bag of words

Bag of words is a Natural Language Processing technique of text modelling. Through this blog, we will learn more about why Bag of Words is used, we will understand the concept with the help of an example, learn more about it’s implementation in Python, and more.

  1. What is Bag of Words in NLP?
  2. Why is the Bag of Words algorithm used?
  3. Understanding Bag of Words with an example
  4. Implementing Bag of Words with Python
  5. Create a Bag of Words Model with Sklearn
  6. What are N-Grams?
  7. What is Tf-Idf ( term frequency-inverse document frequency)?
  8. Feature Extraction with Tf-Idf vectorizer
  9. Limitations of Bag of Word

Using Natural Language Processing, we make use of the text data available across the internet to generate insights for the business. In order to understand this huge amount of data and make insights from them, we need to make them usable. Natural language processing helps us to do so. While there are ample resources available online to help you understand the subject, there’s nothing quite like a Free certificate. Do check out our Free Course on Natural Language Processing at Great Learning Academy. This course touch bases on the Basic Foundations of Natural Language Processing.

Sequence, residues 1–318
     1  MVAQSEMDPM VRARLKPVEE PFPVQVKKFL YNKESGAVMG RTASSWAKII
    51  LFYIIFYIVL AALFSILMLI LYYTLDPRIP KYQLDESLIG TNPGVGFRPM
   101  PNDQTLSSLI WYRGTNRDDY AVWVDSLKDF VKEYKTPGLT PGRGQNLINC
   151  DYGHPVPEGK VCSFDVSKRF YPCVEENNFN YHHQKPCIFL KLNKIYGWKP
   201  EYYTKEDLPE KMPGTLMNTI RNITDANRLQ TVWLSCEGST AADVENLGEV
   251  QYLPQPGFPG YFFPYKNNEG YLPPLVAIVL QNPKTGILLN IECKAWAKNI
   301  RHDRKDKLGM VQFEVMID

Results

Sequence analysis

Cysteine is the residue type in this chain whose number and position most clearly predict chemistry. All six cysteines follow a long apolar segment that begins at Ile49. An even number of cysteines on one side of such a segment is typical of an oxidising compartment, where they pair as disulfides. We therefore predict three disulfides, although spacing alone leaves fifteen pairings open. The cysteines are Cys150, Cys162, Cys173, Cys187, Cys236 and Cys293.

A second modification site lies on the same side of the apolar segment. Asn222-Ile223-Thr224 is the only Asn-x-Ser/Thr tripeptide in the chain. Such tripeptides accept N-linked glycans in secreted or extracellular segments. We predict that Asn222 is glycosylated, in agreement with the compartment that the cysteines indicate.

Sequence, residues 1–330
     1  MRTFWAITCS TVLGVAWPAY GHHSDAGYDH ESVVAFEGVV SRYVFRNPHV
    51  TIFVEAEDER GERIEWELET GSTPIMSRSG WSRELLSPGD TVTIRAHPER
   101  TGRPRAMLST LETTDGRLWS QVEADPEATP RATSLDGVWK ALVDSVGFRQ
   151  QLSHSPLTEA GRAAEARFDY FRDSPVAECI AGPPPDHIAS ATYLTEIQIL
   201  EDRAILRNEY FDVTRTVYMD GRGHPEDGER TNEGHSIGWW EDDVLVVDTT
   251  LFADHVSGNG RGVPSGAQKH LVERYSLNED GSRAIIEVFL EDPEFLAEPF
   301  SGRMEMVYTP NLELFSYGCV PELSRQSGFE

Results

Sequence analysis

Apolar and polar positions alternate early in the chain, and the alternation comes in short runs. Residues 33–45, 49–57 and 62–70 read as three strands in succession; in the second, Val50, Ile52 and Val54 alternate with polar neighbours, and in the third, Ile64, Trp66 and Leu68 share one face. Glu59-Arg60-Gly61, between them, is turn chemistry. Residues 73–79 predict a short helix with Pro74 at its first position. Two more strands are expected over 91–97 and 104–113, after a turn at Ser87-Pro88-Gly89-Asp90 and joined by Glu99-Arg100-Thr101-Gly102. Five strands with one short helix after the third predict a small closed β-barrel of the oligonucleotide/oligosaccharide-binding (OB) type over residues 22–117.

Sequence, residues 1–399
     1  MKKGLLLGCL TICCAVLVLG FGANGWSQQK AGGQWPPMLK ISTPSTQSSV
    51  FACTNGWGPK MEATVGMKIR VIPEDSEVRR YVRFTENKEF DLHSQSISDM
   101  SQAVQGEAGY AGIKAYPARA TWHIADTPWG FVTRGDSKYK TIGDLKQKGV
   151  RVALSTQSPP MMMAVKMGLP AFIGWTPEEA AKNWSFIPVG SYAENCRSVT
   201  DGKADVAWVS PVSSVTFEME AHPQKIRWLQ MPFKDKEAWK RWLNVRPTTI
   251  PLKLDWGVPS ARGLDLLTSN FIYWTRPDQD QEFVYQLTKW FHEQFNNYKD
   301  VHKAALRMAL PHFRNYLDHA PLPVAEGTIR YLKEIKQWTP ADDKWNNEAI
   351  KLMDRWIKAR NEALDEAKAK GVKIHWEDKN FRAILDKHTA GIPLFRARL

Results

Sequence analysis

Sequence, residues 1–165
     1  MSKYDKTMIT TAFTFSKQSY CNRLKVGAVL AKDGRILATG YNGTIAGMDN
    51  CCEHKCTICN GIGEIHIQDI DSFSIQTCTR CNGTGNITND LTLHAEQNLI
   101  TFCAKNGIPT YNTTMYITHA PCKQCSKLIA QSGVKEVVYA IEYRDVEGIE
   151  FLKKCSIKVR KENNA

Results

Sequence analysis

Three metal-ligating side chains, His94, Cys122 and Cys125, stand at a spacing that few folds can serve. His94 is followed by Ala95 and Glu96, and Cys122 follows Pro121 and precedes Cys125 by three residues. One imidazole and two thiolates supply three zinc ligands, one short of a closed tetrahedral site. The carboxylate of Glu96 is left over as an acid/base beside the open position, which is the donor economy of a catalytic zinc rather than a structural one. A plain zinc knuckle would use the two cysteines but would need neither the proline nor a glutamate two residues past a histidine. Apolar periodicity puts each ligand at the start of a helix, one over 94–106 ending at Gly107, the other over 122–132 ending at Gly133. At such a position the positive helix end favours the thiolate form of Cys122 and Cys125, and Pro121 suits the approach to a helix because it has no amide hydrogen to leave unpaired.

What is a Bag of Words in NLP?

Bag of words is a Natural Language Processing technique of text modelling. In technical terms, we can say that it is a method of feature extraction with text data. This approach is a simple and flexible way of extracting features from documents.

A bag of words is a representation of text that describes the occurrence of words within a document. We just keep track of word counts and disregard the grammatical details and the word order. It is called a “bag” of words because any information about the order or structure of words in the document is discarded. The model is only concerned with whether known words occur in the document, not where in the document.

Why is the Bag-of-Words algorithm used?

So, why bag-of-words, what is wrong with the simple and easy text?  

One of the biggest problems with text is that it is messy and unstructured, and machine learning algorithms prefer structured, well defined fixed-length inputs and by using the Bag-of-Words technique we can convert variable-length texts into a fixed-length vector.

Also, at a much granular level, the machine learning models work with numerical data rather than textual data. So to be more specific, by using the bag-of-words (BoW) technique, we convert a text into its equivalent vector of numbers.

Understanding Bag of Words with an example